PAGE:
• More hotel companies are withdrawing their 2020 guidance. Park Hotels & Resorts updated its projected loss for lost-rooms revenue tied to COVID-19 up to $30m. Host Hotels & Resorts said ‘to date, the company’s total revenues, net income and adjusted (earnings before interest, tax, depreciation and amortization) have been negatively impacted by approximately $97 million, $48 million and $48 million, respectively, excluding the collection of approximately $16 million of cancellation fees.’
• Transport secretary Grant Shapps has written to regulators urging them to relax the ‘use it or lose it’ rule around airport slot rules while the coronavirus outbreak continues, with some airlines admitting they are flying near-empty flights to maintain their slots.
• The IoD says one in three business directors surveyed had cancelled or restricted employee travel while up to a half were encouraging home working.
• The FT points out that ‘companies across the world are reeling from the impact of the coronavirus outbreak, with businesses in the hospitality and travel sectors among the hardest hit as people have cancelled travel plans.’
• Hotel companies reported to be keen for the government to impose travel bans in order to allow insurance claims to be made for loss of revenue in some cases.
• Ryanair, Jet2.com and British Airways have cancelled flights to Italy. Ryanair’s last flight to the country will be on Friday. Norwegian Air is cutting about 15% of its capacity. Australian travel agencies, Helloworld Travel and Webjet, have scrapped earnings guidance and Sydney Airport has reported international traffic down 16.8% in February and by around 25% in the first 9dys of March.
• Abta has appealed to prime minister Boris Johnson ahead of Wednesday’s Budget urging the government to consider ‘extraordinary support measures’ for the UK travel and tourism sector due to the ongoing coronavirus crisis.
• Mark Tanzer, CEO of Abta, has said ‘As the outbreak of coronavirus develops, travel businesses are under increasing pressure. They cannot wait to see what may happen in the months to come; we are asking the government to act now in taking steps to protect them.’
• Royal Caribbean increased its revolving credit capacity by $550m due to developments related to the COVID-19 outbreak. The company aims to improve liquidity by at least a further $1.7 billion in 2020. Richard D. Fain, chairman and CEO said ‘These are extraordinary times and we are taking these steps to manage the company prudently and conservatively’.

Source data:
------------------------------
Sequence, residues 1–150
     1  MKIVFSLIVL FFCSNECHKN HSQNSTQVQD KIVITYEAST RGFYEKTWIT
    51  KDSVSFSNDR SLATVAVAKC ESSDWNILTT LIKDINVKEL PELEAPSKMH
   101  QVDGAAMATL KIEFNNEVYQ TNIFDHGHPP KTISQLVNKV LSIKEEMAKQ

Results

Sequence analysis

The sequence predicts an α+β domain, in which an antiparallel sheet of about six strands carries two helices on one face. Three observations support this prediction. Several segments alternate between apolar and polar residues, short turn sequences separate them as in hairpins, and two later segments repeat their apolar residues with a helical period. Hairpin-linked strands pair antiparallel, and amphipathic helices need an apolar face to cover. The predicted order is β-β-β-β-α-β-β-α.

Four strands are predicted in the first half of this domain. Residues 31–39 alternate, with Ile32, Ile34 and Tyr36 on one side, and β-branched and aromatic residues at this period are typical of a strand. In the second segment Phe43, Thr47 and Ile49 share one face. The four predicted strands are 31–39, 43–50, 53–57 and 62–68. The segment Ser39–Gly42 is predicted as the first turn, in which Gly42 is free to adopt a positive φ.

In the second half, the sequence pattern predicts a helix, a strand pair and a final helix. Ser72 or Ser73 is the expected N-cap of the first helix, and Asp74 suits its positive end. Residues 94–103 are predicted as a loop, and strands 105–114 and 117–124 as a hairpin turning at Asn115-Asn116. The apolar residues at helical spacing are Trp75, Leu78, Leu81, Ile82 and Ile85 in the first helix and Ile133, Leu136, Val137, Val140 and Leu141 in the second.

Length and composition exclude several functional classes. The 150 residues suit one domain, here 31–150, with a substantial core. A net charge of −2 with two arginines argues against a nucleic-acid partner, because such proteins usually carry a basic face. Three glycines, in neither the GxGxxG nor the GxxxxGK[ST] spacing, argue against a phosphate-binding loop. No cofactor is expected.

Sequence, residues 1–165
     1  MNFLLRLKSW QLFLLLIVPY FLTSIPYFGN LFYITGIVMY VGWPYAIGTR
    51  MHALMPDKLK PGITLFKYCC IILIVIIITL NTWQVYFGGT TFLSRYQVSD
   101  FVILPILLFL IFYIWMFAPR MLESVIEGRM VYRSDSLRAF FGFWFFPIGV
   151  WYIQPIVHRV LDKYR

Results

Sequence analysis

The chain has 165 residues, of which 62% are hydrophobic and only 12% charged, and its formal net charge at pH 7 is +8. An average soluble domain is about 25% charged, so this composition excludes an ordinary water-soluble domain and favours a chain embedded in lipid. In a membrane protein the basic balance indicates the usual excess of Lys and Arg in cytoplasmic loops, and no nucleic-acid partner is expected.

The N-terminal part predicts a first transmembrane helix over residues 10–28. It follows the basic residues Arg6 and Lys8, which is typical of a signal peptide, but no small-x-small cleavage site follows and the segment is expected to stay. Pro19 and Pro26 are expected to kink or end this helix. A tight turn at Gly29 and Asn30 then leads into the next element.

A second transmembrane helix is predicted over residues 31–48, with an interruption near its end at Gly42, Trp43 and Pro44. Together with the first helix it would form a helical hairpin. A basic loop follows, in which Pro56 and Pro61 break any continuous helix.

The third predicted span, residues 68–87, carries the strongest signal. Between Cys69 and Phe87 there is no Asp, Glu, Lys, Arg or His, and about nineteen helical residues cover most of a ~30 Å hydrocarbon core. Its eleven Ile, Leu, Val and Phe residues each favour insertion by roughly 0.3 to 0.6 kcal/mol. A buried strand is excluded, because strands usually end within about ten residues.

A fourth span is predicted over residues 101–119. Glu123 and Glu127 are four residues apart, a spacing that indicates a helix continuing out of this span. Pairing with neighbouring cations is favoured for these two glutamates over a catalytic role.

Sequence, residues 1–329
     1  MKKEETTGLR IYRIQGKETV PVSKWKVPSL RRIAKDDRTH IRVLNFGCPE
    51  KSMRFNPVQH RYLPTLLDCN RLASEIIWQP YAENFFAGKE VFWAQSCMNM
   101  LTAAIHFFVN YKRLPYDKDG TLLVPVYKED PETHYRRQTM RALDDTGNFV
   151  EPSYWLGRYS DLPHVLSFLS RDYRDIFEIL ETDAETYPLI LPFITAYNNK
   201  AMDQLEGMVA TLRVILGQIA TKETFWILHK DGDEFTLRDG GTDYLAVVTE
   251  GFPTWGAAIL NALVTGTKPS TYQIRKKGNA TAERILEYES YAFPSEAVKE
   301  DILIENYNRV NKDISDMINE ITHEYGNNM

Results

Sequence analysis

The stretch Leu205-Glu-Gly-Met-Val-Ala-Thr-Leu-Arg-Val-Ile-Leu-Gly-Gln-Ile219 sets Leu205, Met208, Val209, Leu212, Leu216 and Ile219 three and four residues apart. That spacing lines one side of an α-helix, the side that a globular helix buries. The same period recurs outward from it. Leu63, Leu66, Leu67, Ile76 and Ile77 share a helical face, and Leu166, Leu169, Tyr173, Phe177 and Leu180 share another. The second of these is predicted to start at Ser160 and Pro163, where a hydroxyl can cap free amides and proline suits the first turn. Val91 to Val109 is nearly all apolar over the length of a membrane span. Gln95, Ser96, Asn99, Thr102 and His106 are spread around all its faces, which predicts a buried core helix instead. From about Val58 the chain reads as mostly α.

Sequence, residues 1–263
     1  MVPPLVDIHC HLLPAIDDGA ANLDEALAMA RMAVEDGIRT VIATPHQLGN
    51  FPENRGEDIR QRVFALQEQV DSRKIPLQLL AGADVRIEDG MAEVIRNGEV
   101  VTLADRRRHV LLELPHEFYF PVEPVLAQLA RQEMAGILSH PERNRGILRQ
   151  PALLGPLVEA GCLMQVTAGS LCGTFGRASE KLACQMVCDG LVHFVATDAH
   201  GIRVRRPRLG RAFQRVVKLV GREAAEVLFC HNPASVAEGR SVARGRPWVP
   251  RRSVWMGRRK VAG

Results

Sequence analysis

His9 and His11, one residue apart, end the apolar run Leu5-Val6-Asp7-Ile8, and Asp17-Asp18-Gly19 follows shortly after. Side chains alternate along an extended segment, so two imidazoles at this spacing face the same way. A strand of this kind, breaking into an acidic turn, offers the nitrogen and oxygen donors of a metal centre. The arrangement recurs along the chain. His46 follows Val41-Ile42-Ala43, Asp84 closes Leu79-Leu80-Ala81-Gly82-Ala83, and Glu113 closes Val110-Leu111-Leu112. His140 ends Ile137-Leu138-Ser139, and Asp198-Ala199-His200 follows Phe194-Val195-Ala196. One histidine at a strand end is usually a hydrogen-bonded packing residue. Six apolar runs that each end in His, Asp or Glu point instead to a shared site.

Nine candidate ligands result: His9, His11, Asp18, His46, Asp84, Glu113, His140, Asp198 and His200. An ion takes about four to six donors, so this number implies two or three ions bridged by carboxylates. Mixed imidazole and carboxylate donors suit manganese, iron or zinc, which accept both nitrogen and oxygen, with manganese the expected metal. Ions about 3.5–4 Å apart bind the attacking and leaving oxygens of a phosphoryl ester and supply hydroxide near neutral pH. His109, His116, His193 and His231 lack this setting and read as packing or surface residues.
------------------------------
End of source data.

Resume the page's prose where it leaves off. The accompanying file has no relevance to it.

• Clia will respond to the US advisory discouraging Americans from taking cruise holidays by presenting an industry plan to manage any serious coronavirus outbreak on an ocean-going cruise ship on a stand-alone basis.
• Re cruising, the risk to operators is that the coronavirus outbreaks on the Diamond Princess in Japan and the Grand Princess in San Francisco could change booking habits. Being locked on a ship will not help people get back to work or school after their holidays and it could injure their health.
• Qantas is cutting international capacity by almost a quarter for the next six months due to the spread of coronavirus into Europe and North America following a ‘sudden and significant’ drop in forward travel demand.
• Google has asked its North American staff to work from home.
FINANCE & ECONOMICS:
• Budget today. Chancellor Rishi Sunak & outgoing Bank of England governor Mark Carney under pressure to help business & the consumer. Interest rates may be cut reports The Telegraph (though monetary policy is unlikely to be sufficient in the short run to make much difference).
• As Sky says, the Budget will be overshadowed by Covid-19 and it could feel ‘very unreal’.
• Mortgage payments in Italy have been suspended. In the UK, RBS has suggested that it will allow some customers to defer repayments for up to 3mths. TSB has said it will allow two months.
• Sterling lower at $1.2931 and €1.1399. Oil higher at $37.94. UK 10yr gilt yield up 11bps at 0.28%. World markets lower yesterday but US up. Far East down in Wednesday trading.
• Brexit & politics:
o The former taking a back seat, the latter a bit silent at present.
o PM’s Brexit spokesman James Slack has said Brexit talks are going ‘exactly as planned’ reports Bloomberg.
START THE DAY WITH A SONG: